Wednesday, May 9, 2018

An Only Son's Dying Lament

Becourt British Military Cemetery, France
Some of the most heart-breaking remembrances of the Great War are carved in stone: the epitaphs that appear on the headstones of British Commonwealth graves.  Families were allowed to choose an inscription limited to 66 characters; the following examples appear in Sarah Wearne’s book Epitaphs of the Great War:

Dear Happy Boy
            — Second Lieutenant James Douglas Harding, aged 17
A Mother’s Love Lies Here
            —Private William Ogston Craib, aged 28
If This Is Victory, Then Let God Stop All Wars, His Loving Mother
            —Private Frank Hitchin, aged 18
Here Lies a Father’s Hope, A Mother’s Pride, and a Wife’s Dependence
            — Private John Prentice, aged 27

Vivian Telfer Pemberton, a twenty-four-year-old officer with the Royal Garrison Artillery’s 216th Siege Battalion, was awarded the Military Cross in the summer of 1918: “When the enemy had broken through he kept his guns in action until the last possible moment, and when forced to withdraw them organised his men so that they kept up a steady rifle fire on the enemy.  His coolness and courage saved a most critical situation.”*  The title of his poem “An Only Son’s Dying Lament” references the courage required by those on the home front to bear the immense losses of the war, while the poem’s final stanza concludes with an unromanticized depiction of the suffering of the soldiers.

An Only Son’s Dying Lament

I’m not a soldier born and bred,
I hate the sound of guns,
I joined because they told me
England needed all her sons.

Operating on a slightly wounded man
in a regimental aid post
Austin O. Spare © IWM (ART 2766)
I love old England’s country scenes,
The old cliffs by the sea,
The peaceful, mist-clad Devon moors,
‘Tis there that I would be.

I love the gentle English girls,
I love their graceful ways,
I love to watch the sheep dog’s work,
And the lazy cattle graze.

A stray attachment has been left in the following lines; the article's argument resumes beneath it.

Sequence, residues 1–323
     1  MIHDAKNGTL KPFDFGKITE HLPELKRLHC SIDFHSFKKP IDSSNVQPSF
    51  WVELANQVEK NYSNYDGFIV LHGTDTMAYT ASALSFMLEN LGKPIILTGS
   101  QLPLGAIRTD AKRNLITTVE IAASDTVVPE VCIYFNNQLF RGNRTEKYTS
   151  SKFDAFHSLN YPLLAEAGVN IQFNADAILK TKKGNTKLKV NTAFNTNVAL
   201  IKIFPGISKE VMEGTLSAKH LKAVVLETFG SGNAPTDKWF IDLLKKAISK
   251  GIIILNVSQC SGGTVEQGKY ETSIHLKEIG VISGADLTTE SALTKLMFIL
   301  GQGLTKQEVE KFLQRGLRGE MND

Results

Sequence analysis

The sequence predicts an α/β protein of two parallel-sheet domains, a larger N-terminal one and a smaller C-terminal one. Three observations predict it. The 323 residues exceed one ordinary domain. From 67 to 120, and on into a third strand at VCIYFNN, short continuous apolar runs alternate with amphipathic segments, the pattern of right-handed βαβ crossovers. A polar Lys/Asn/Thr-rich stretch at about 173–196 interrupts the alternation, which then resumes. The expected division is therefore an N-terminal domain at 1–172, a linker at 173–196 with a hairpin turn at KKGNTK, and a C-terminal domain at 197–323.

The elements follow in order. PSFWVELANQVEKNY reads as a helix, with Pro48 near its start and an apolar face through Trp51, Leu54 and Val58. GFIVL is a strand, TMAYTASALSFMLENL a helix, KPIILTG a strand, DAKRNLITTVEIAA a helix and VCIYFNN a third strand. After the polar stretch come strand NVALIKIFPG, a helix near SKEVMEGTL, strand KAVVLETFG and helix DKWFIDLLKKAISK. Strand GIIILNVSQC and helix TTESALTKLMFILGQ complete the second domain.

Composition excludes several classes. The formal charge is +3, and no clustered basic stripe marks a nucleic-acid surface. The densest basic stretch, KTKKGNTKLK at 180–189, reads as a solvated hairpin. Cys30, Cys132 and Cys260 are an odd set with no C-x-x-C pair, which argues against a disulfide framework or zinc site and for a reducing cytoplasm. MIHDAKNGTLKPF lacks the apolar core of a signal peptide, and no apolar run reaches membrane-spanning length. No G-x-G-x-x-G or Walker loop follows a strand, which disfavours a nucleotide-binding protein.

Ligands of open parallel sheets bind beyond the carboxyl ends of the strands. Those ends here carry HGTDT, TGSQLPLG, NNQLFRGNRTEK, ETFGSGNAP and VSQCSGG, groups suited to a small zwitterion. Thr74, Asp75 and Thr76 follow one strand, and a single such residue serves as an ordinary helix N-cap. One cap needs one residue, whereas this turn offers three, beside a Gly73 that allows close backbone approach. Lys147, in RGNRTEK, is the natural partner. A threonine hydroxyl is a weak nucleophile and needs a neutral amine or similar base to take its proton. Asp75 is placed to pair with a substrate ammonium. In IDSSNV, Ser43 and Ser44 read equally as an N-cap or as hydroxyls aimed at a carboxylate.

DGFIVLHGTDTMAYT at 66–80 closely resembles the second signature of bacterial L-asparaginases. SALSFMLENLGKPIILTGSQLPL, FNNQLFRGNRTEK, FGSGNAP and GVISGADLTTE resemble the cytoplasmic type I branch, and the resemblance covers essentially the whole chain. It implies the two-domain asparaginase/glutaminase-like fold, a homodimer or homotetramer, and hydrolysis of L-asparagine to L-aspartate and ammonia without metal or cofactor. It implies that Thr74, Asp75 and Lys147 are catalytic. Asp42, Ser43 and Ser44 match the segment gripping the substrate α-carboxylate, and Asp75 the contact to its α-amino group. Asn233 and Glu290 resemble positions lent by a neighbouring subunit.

They used to give me all I asked
In those dear days of old,
They gave me wine, they gave me love,
And never asked for gold. 

But now I do not ask for love,
For riches, wine, or song,
They tell me that I’ll soon be well,
But I know they are wrong.

A stretcher party brought me here,
My left leg hurt like sin,
They sent my pay-book and my gold
Back to my next of kin.

It is not much for which I ask,
I know my knell has rung,
But they will not give me anything
To cool my burning tongue.
            —Vivian Telfer Pemberton

Vivian Pemberton was not an only son, but rather the youngest of three boys born to George and Isabella Pemberton; all three sons fought in the Great War.  The oldest, Oswald, was killed on December 21, 1914.** Vivian’s twin, Alexander Lancaster Pemberton, served at Gallipoli and survived the war, but Vivian was killed in action during the Hundred Days Offensive on October 7, 1918.  He is buried at Bellicourt British Cemetery.  The headstone inscription chosen by his family reads, “To the Loving Memory of a Noble Son.”
* Supplement to the Edinburgh Gazette, July 29, 1918, p. 2705
** “Captain Oswald Pemberton,” Imperial War Museum Lives of the First World War,
† “Major Alexander Lancaster Pemberton, Imperial War Museum Lives of the First World War,

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